(i) Annual Giving – where modest donations are sought from all possible members of the school’s constituency on an annual basis.
(ii) Major Gifts – larger gifts sourced from targeted donors, including corporates, and achieved through direct asking by the Development Officer, possibly in conjunction with the Head and/or the Chairman of the Fundraising Committee or Foundation.
(iii) Bequests /legacies – these should be the subject of targeting amongst more senior alumni and possibly retired staff. Giving to an institution via a bequest can result in the donor making a comparatively large gift and the financial impact for a school can be substantial.
(iv) Special Events – These generally serve as both friend raising and fundraising activities and, provided sufficient time is devoted to planning and creativity, they have the ability to raise useful funds for specific programs.
Provisioning and supporting the Development Office
To operate effectively the Development Officer must work out of presentable quarters, remembering the positive profile which must be projected to potential donors. This should imply that he or she will be adjacent to the “front door” of the school, adjacent to the Head.
Secretarial support, perhaps part time at the outset, is vital if the development function is to achieve its goals. It is vital in the early stages as the highly labour-intensive task of establishing a reliable data base proceeds.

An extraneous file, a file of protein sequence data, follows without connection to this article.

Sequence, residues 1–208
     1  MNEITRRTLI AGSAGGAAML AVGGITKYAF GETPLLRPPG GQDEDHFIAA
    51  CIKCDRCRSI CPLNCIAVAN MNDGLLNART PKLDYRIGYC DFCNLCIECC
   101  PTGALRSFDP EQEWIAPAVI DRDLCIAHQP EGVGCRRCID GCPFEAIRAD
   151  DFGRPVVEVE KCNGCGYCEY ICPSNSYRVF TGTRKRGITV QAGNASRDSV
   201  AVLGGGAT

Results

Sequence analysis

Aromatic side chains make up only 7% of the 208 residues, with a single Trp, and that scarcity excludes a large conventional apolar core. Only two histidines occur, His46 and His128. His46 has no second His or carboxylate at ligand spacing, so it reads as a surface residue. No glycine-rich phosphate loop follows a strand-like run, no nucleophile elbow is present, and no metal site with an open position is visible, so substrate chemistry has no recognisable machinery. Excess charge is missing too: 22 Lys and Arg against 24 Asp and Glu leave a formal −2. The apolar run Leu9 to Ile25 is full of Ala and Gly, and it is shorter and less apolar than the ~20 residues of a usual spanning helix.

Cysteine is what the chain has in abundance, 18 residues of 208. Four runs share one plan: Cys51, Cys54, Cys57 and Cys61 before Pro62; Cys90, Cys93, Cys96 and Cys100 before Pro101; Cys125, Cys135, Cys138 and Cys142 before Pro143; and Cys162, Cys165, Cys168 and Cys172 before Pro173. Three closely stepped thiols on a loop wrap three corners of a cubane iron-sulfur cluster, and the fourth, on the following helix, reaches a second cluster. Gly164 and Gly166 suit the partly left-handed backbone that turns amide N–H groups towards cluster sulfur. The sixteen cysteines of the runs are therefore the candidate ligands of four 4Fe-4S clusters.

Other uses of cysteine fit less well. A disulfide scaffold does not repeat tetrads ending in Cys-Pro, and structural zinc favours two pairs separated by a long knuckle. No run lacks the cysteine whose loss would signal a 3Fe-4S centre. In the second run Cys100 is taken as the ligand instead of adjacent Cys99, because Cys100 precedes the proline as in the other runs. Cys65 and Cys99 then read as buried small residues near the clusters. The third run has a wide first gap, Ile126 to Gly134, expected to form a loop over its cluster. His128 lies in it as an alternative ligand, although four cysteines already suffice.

Reporting relationships and opportunities for adequate communication are also vital given the involvement of the Development Officer with senior and potentially influential members of the school community. This implies that he or she should report directly to the Head and have observer status at the Board table. Potential major donors will want to deal with someone who has demonstrable and appropriate status.
Expectations of the Development Office
A rule of thumb is that an effective Development Office, (if involved in fundraising on a full-time basis), should be generating revenue at least five times direct costs after a five-year period. This excludes receipts from bequests which cannot be budgeted for with any certainty. The key variables which will impact on this include the age and socio-economic status of the school and the support given the function by the Head and the Board.
A long term process
It needs to be recognised that Development is a long-term process and success is most likely to result from the careful nurturing of relationships which cannot be achieved overnight. In the long run if it is the financial independence of the school which is at stake, (or development of a scholarship program in the case of a for-profit school), then time spent on getting the process right will be a sound investment.
Through Washington Services, Frank Opray works with international schools helping them establish or consolidate their fundraising operations. He can be reached at firstname.lastname@example.org